Devise is a very helpful gem used to resolve authentication in a Ruby on Rails environment. In the words of the Devise team, “Devise is a flexible authentication solution for Rails based on Warden.” Upon seeing this definition you now know that Devise works with another gem called “Warden”. So when working with the Devise gem you are also working with the Warden gem, meaning any problem you need to solve, needs to work for both gems not just Devise. Suppose you need to implement authentication for your amazing new web application, but that you need to use an external resource to make it work. A custom strategy using Devise can help to ensure your website is running right.

How Devise and Warden work together

Devise and Warden interact with your Rails app through Models and Strategies. Models are modules that get mixed into any Ruby class that declares devise. Strategies are Ruby classes that are registered with Warden, must define an instance method, and must be a subclass of Warden::Strategies::Base. Once Warden knows about your Strategy class and Devise knows about your module, the two will work together to allow you to authenticate the resource (or not!) and control what information is exposed to your controller.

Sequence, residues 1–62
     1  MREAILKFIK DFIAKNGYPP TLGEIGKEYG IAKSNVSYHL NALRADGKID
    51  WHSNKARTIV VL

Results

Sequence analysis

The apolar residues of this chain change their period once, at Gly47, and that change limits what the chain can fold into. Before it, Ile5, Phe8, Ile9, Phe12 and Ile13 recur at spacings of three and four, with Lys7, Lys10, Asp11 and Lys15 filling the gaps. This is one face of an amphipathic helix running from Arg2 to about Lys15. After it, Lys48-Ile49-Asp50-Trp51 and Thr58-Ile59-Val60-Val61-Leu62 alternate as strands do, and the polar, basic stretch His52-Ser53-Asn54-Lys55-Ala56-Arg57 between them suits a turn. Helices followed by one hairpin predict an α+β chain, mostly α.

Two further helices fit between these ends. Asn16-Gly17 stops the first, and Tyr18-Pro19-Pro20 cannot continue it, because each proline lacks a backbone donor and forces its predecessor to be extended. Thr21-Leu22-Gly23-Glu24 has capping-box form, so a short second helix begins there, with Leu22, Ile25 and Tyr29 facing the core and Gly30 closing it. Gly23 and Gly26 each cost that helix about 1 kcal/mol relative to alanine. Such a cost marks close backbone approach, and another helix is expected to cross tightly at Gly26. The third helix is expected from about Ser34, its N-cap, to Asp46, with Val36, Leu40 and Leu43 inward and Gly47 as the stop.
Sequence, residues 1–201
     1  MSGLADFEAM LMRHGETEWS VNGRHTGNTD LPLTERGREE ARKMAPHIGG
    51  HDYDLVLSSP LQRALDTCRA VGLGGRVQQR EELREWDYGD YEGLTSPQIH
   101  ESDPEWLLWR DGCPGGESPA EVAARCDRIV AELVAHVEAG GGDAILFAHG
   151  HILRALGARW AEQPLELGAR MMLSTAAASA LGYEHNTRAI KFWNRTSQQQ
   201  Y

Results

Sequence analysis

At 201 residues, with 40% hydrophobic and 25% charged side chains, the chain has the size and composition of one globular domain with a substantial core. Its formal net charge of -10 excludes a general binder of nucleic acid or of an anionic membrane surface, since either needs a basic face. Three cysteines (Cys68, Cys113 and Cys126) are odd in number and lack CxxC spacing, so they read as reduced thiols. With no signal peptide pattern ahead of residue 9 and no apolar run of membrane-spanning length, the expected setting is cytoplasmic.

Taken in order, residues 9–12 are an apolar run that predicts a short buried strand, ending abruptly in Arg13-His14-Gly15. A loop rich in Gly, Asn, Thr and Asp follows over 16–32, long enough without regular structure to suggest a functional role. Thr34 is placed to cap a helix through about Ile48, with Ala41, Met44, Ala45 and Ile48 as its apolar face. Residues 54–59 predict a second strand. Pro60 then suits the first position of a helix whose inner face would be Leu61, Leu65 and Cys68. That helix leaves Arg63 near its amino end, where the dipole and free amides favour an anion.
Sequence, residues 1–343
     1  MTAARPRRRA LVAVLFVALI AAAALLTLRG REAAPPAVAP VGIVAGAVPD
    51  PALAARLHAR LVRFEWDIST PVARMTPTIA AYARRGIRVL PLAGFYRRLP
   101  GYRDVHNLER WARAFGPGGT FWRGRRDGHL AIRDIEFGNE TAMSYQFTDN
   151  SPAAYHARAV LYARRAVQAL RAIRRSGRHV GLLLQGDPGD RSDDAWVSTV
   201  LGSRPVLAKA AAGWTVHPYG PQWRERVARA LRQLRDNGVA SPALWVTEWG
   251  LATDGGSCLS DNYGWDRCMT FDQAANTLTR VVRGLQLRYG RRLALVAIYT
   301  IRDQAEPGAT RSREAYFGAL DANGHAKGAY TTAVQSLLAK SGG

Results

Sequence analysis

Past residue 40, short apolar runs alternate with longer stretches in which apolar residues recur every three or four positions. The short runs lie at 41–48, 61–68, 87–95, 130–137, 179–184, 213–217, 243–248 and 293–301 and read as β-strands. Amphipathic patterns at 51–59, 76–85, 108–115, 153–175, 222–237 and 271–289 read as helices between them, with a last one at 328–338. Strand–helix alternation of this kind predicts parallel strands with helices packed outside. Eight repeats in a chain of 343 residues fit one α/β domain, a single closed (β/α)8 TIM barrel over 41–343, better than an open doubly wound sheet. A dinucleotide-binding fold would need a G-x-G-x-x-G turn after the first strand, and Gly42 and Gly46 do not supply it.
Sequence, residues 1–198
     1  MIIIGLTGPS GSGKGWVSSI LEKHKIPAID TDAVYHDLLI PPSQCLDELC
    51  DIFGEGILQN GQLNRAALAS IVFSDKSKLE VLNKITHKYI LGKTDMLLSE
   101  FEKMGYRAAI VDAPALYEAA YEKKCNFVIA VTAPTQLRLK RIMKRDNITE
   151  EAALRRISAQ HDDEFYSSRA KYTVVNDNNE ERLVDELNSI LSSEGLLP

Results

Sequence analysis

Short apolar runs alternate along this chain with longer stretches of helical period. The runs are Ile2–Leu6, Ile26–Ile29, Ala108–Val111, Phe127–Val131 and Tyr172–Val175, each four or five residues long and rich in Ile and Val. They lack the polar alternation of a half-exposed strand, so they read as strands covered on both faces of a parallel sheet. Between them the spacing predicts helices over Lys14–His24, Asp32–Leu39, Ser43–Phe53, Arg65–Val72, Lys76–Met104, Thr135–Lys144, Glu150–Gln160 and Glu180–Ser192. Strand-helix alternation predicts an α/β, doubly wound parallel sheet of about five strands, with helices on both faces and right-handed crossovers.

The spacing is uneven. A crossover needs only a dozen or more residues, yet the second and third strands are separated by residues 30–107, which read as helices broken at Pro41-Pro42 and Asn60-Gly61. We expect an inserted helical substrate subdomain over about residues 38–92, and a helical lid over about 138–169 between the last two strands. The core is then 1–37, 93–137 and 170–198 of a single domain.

The Devise Parts:




Some comments about the above code:
  1. I created a virtual attribute called “session_token” for save the information about session.
  2. I added a validation for email and provider.-“serialize_into_session”, “serialize_from_session” are override of methods called internalby Devise.
  3. The required used on the code will be clarify in the next session.

Now we need to configure the Devise to use this new strategy:

The Warden Parts




Some comments about the above code:
  1. The “MagicConnector::Custom” is a connector for process the request validation to the external service.
  2. I create a “custom_authentication” attribute for can review the result and process to sendto the Devise Model method create before.
  3. Similar with did on Devise we need “tell to Warden” about this new strategy, for this we use the last line of the code:  Warden::Strategies.add(:custom_authenticatable, Devise::Strategies::OktaAuthenticatable)
Last Comments

Now we can add our custom implementation to a Devise model using the symbols register on the Devise Parts.
Our Model class looks like this:  class User < ActiveRecord::Base devise :database_authenticatable, :custom_authenticatable  end

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